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A cable cross over machine is a large piece of exercise equipment that is most common in gyms, although some athletes have them in their homes. A cable cross over machine features two cables that are attached to stacks of weights. They then pass through a pulley before ending in one of a variety of grips. The two cables are set wide apart so that an athlete can grip each cable and pull it across his or her body, providing a workout for the chest and arms. It is also possible to use just one cable at a time to perform a variety of other exercises.
The basic structure of a cable cross over machine consists of two pillars and a crossbeam. The pillars are tall enough that the crossbeam will be higher than an athlete's head. It is not unusual for these crossbeams to have various pull-up bars and fixtures attached to them. The weight stacks for the cables are located on the pillars, and the pulleys are located where the pillar and crossbeams meet. This provides the proper angle of resistance for the athlete to get the most benefit out of the exercises that he or she performs using the machine.
A cable cross over machine usually will provide the athlete with different grip attachments. These can vary and might include standard bar grips, thick ropes or "Y" attachments that allow both hands to pull one cable. The different types of grips allow for a variety of workouts.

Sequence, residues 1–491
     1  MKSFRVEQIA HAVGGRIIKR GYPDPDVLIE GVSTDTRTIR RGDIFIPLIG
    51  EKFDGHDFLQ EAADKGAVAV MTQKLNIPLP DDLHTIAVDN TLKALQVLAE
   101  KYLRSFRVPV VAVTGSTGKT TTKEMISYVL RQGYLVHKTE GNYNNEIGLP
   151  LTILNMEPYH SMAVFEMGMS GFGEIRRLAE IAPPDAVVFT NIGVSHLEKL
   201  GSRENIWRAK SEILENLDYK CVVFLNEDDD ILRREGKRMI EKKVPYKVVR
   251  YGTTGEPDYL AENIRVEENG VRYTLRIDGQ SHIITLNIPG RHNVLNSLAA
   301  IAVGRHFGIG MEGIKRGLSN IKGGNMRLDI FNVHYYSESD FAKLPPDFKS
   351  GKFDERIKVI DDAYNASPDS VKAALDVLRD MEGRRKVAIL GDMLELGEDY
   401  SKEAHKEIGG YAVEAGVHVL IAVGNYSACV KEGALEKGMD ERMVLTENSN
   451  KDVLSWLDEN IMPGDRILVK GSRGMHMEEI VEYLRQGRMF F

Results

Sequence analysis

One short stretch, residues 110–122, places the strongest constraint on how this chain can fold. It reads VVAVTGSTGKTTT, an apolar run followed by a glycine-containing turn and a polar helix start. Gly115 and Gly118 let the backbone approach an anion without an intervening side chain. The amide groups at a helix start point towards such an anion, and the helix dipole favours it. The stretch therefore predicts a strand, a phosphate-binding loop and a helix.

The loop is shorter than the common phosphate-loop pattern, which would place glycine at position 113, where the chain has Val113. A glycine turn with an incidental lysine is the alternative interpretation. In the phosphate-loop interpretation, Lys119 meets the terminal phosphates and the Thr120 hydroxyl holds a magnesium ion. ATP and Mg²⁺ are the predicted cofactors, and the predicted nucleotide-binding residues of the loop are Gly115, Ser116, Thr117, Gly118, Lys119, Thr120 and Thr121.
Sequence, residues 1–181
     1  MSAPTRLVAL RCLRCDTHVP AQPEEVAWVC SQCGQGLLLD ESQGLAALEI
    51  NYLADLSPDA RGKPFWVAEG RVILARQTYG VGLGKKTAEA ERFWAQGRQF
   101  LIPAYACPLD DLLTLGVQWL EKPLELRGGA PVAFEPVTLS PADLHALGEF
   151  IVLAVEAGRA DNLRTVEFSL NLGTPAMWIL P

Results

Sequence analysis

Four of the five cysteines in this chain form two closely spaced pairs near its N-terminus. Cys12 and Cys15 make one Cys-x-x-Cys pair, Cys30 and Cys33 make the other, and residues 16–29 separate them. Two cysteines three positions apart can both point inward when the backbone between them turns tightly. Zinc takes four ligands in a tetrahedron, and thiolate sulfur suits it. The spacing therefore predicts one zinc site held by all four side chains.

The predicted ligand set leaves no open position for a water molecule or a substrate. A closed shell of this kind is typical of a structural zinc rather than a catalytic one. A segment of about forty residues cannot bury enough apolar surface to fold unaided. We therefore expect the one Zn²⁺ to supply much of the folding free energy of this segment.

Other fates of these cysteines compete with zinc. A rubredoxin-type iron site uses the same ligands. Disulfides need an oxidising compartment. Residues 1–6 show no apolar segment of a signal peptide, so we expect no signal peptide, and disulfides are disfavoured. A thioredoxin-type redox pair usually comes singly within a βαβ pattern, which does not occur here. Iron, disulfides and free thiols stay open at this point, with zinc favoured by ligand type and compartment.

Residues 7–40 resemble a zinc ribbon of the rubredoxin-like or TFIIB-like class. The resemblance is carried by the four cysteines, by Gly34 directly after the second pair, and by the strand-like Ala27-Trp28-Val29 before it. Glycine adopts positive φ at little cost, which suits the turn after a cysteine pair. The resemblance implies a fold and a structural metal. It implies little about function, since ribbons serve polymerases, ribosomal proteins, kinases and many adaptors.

The most common exercise that athletes perform using a cable cross over machine is the cable cross over exercise. This exercise requires the athlete to stand within the machine while holding a cable in each hand. The right hand holds the cable to the athlete's right, and the left hand holds the cable to the athlete's left. The athlete then stands with his or her legs in a stable position, either with them spread past shoulder width or with one foot forward and one foot farther back. Regardless, there should be some bend in the legs, and the athlete's torso should lean slightly forward. The arms at this point will be spread away from the body at about shoulder height.
From this position, the athlete then pulls the arms toward each other while also crossing them down over the body. The arms usually will cross as the athlete continues to pull on the cables, although there are variations of this exercise in which the athlete stops when the hands touch. The athlete then returns the arms to the starting position while maintaining control at all times.
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